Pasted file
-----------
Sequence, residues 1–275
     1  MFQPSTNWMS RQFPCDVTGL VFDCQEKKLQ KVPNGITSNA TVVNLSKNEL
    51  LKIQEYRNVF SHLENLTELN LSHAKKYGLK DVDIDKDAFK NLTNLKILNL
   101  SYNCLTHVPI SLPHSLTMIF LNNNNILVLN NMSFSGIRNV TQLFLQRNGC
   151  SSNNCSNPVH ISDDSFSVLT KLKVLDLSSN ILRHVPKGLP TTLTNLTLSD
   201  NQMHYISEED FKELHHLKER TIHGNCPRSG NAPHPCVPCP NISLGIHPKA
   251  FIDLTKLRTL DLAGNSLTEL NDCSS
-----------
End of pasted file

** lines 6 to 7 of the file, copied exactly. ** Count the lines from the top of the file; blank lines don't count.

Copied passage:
   201  NQMHYISEED FKELHHLKER TIHGNCPRSG NAPHPCVPCP NISLGIHPKA
   251  FIDLTKLRTL DLAGNSLTEL NDCSS